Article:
So, in 2006, after Katrina, after climate change had hit mainstream media again, this time for good, I started to feel the burn, so to speak. Becoming a parent had of course heightened my awareness of the world around me even more. The world didn't just have to provide for me, it had to provide for my kid too, hopefully also long after I'd be gone. I was beginning to see that there might be a slight glitch in this scenario.


  1. As so many other things the climate and human coursed climate changes is also branded, and the crucial point - and a very unresearched matter as well - is what psychological effects this specific brand has. In between us - the reader of the reports - and the climate stand the journalists and scholars. Until now there has been a lot of discussion about what external scenario we could expect but not much about what internal scenario we actually experienced by recieving all these apocalyptical messages. I think it's very important what you're dealing with in this blog.

  2. The problem is always

    Climate vs. Hunger

    Which is more important? While the developed countries can spend money on climate improvement related things, the developing ones can only try to scrape money to feed their citizens.

    Just like when they start using all the corn produced in South America to produce ethanol for the eco-friendly fuel, thousands of children in the area go hungry. Which one to choose? Climate or hunger? We all have priorities in life.

    But I agree with you that something needs to be done, I just don't like the way the developed countries pointing fingers at the developing ones forcing them to take all the blame when all the factories built there were financed by the rich countries and they're the ones who encouraged the locals to break the (environmental) laws. Just like the Newmont mining firm in Indonesia, and many other examples around the Southeast Asia, I suppose.

    Oops sorry I'm rambling

  3. Blogstorff - Thank you so much for your support! I'm glad I've finally taken the time to write my recollections on this, I hope it heightens awareness, and other people feel less alone with similar fears.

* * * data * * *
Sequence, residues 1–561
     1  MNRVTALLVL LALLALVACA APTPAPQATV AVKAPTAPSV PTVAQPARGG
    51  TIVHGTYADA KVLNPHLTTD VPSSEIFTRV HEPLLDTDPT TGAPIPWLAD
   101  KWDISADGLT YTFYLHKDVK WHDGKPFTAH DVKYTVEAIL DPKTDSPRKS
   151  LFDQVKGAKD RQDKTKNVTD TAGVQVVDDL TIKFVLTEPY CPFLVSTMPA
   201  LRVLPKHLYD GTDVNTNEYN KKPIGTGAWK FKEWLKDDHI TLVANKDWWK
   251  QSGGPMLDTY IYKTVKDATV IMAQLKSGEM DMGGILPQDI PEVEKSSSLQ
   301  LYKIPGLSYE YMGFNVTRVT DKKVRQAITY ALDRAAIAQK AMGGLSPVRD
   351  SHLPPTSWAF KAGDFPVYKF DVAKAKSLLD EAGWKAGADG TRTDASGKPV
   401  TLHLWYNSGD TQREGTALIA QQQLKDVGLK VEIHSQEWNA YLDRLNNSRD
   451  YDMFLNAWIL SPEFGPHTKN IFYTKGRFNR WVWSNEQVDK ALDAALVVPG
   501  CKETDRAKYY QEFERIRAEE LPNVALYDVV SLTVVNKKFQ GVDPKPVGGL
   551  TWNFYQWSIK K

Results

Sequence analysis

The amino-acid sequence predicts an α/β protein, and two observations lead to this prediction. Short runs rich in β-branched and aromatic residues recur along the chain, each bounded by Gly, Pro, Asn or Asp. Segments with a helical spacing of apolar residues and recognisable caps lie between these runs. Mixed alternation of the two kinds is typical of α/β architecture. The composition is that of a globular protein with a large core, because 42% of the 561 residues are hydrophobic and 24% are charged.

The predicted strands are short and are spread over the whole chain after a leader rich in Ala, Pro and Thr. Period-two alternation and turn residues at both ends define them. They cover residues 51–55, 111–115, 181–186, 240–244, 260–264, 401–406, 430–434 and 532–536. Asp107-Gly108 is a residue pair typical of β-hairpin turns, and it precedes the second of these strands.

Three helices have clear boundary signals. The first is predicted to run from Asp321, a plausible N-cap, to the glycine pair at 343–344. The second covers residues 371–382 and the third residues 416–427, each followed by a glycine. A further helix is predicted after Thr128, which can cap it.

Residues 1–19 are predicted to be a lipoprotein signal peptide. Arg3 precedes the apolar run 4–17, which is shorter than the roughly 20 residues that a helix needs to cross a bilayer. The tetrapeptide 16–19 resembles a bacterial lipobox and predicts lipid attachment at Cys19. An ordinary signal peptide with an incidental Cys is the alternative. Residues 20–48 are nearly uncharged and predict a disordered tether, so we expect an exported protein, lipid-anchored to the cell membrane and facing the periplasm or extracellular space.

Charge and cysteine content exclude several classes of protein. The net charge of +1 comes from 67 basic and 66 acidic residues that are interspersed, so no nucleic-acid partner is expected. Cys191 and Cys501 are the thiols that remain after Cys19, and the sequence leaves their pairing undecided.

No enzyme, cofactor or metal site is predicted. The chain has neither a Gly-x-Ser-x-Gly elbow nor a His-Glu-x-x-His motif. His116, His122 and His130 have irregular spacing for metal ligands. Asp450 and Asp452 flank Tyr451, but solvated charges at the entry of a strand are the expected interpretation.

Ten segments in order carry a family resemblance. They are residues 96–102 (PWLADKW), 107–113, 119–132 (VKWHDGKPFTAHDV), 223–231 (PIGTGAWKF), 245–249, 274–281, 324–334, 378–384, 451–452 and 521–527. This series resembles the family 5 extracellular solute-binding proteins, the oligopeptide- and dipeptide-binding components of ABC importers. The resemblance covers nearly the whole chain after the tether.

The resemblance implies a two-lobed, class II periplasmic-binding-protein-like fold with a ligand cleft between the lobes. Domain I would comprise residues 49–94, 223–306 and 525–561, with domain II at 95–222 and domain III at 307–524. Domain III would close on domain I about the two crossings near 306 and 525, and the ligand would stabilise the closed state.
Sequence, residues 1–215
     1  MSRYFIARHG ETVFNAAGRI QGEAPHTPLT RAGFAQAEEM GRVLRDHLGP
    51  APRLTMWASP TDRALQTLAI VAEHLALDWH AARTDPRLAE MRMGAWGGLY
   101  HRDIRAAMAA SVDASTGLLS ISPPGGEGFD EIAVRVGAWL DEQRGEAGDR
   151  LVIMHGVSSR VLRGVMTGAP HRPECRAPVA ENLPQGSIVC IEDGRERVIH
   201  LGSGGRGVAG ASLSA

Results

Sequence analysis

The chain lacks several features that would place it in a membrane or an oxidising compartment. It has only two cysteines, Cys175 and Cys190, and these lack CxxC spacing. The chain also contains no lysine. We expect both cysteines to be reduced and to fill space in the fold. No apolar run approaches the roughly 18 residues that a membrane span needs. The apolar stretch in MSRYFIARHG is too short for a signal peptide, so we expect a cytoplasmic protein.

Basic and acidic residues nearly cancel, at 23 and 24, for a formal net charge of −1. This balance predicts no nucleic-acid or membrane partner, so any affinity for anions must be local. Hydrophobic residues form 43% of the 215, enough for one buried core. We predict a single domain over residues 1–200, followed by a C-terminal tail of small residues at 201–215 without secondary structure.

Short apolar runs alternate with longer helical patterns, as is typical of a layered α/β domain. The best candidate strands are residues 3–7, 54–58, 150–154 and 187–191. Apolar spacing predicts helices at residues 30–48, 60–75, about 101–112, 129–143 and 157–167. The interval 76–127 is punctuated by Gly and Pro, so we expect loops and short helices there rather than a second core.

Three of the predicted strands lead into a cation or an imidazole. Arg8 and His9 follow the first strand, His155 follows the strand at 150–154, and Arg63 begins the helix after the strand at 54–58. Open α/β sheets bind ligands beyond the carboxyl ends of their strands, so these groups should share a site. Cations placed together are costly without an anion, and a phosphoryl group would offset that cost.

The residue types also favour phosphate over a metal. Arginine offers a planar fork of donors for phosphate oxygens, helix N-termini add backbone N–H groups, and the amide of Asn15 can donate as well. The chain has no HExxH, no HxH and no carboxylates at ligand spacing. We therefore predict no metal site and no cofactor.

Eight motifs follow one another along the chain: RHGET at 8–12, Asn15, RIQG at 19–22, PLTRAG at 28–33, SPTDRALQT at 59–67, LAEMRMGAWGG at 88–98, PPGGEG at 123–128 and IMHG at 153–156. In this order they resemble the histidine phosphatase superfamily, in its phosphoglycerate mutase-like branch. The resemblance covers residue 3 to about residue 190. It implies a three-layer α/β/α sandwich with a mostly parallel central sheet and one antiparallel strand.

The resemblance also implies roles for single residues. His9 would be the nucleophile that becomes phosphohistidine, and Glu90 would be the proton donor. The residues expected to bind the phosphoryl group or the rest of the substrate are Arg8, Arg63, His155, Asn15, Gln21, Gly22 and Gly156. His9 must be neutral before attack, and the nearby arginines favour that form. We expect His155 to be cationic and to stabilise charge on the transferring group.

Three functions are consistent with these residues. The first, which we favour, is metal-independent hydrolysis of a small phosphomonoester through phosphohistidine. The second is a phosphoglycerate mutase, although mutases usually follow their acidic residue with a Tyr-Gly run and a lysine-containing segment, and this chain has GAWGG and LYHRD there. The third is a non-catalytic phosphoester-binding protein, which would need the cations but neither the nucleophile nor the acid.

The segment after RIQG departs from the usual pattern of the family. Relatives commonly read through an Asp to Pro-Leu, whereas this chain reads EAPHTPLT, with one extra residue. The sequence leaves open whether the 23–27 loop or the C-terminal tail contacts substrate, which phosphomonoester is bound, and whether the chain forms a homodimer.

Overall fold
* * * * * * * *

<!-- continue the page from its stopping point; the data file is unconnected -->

Indonesian - Agreed! It's absolutely disheartening to see how many times removed food sources are from the actual people who need that food. Be it bioethanol for cars, or soy crops grown to feed cow and chickens to feed the West. So wrong. I'm starting to be with Bill Gates on this, people should grow their own food!

  4. Jennie, I am deeply appreciating reading this. Thank you for writing this blog. I want you to know that your concern and constant dialogue over the years has made a huge impression on me and has absolutely influenced my viewpoint, so talking (writing) about this does make a difference.

    I want to add--Indonesian--I completely agree. One of the things that makes me so angry I could scream is our agricultural subsidy in this country (the United States). It supports huge agribusiness (Mansanto needs to die a slow death) and subsidizes mostly corn and soy--neither of which go to feeding the population. It is maddening. Hamburgers are cheaper than healthy vegetables here because these subsidies pay for cattle's' feed. INSANITY. The USDA recommends five servings of fruits and vegetables a day but the US does not actually grow enough fruits and vegetables to supply this amount to the population therefor a lot of fruits and veggies are imported. And please don't get me started on GMO! GRRRRRRRR! I totally want to live some place where I can grow most of my own food.

  5. We're on the same page regarding so much Elijah! xxx